• Good friends are there to help us through difficult times.
    • There are consequences for decisions we make, they can affect us and others.
    • Go to someone (adult) who can help solve a problem. It is okay to ask for help.

Lesson Day Two

STEP ONE: Hand out the illustrations again and as a class have the students put them in the correct sequence and do a retelling of the story. Emphasize key details. 

STEP TWO: Hold a discussion about bullying and how it can come in many forms. Relate that three characters exhibited various forms of bullying. As a class reread what each of the characters' (rock, wood/sticks and water) actions were and brainstorm what form of bullying that could represent. Here are three ideas. 

  • Rock laughed at the chicks and told them a lie and then told them to go away. This type of bullying can be verbal abuse whether it be laughing at someone, telling them a lie or even yelling at them to go away. 
  • The wood and sticks hissed and spat hot sparks at the chicks causing blisters and sores on their faces. This type of bullying is physical bullying (hitting, pinching and so on). 
  • The water rushed after the chicks and would not let them drink a drop of water. This type of bullying is keeping someone from participating in an activity or keeping them from something such as not allowing others to join in a game, taking someone's lunch or personal item. 

STEP THREE: Brainstorm with the class the characteristics of a good friend (Cottontail) and what being a good friend looks like.

  • kind- it looks like helping someone pick up things they may have spilled, sharing a pencil, etc. Cottontail heard the chicks crying and offered to help. 
  • listens- it looks like being quiet and nodding to show you are listening. Cottontail listened to the chicks tell about what the wood and sticks had done.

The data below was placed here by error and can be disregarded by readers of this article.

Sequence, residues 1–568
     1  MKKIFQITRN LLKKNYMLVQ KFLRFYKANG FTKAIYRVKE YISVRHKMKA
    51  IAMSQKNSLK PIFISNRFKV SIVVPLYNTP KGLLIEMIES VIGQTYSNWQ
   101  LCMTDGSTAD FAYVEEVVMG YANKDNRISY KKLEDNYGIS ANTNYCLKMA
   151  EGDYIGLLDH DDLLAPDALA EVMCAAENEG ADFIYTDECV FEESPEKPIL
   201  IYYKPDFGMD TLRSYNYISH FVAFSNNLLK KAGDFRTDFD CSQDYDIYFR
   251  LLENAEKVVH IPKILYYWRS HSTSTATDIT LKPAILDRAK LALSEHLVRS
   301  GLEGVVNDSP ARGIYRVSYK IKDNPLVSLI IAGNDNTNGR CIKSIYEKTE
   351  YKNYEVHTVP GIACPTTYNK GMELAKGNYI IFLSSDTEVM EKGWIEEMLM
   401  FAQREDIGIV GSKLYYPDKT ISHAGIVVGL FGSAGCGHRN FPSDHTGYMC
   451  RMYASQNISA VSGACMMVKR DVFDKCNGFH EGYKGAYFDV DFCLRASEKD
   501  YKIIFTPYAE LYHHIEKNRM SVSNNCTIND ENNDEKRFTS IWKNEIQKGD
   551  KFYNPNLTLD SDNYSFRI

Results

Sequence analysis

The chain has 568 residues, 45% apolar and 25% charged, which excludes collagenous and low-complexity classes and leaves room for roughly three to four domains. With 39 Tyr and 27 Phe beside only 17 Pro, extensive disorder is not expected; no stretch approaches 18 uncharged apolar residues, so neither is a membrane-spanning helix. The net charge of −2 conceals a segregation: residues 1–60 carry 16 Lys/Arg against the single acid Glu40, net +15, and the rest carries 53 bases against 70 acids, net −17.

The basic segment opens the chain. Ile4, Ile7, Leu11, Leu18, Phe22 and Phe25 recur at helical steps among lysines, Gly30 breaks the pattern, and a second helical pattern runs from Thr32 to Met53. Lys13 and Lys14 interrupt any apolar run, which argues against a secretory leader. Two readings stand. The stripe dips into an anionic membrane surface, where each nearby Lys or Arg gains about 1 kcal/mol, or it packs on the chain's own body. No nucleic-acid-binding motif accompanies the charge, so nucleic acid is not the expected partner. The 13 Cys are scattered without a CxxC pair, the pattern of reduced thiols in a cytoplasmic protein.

• supports- it looks like saying things like, "you are doing good" or "keep trying, you will get it." Cottontail encouraged the chicks when they came to him with blisters and sores, he told them that they had worked hard and endured much and encouraged them to continue on. 

STEP FOUR: Conclude with a project that reinforces the importance of being a friend. Activities might include:

  • Creating a friendship quilt by handing out to each student an 8 1/2 square piece of construction paper. Have student trace their hand as many times as they would like and then have them write their name on the paper and color their hands. Make two holes on at the end of each side and use yarn to tie the quilt together. 
  • Hand each student a piece of white drawing paper and have students make a self portrait to hang up as a pledge to be a friend. 
  • Use an index card to have students complete the sentence stem: A friend is ________________. Hang the cards up in the room. 

Extensions

  • Arrange for a school counselor to lead a discussion about bullying.
  • Hold a discussion about steps to follow when one is the object of bullying and how to handle the situation responsibly.
  • Contact a Native American presenter from the Utah Division of Arts & Museums Native Teaching Artist roster to come into the class to share more about their tribal customs and ways. 

Spotlight

  • Chipeta- Wise and Influential Advisor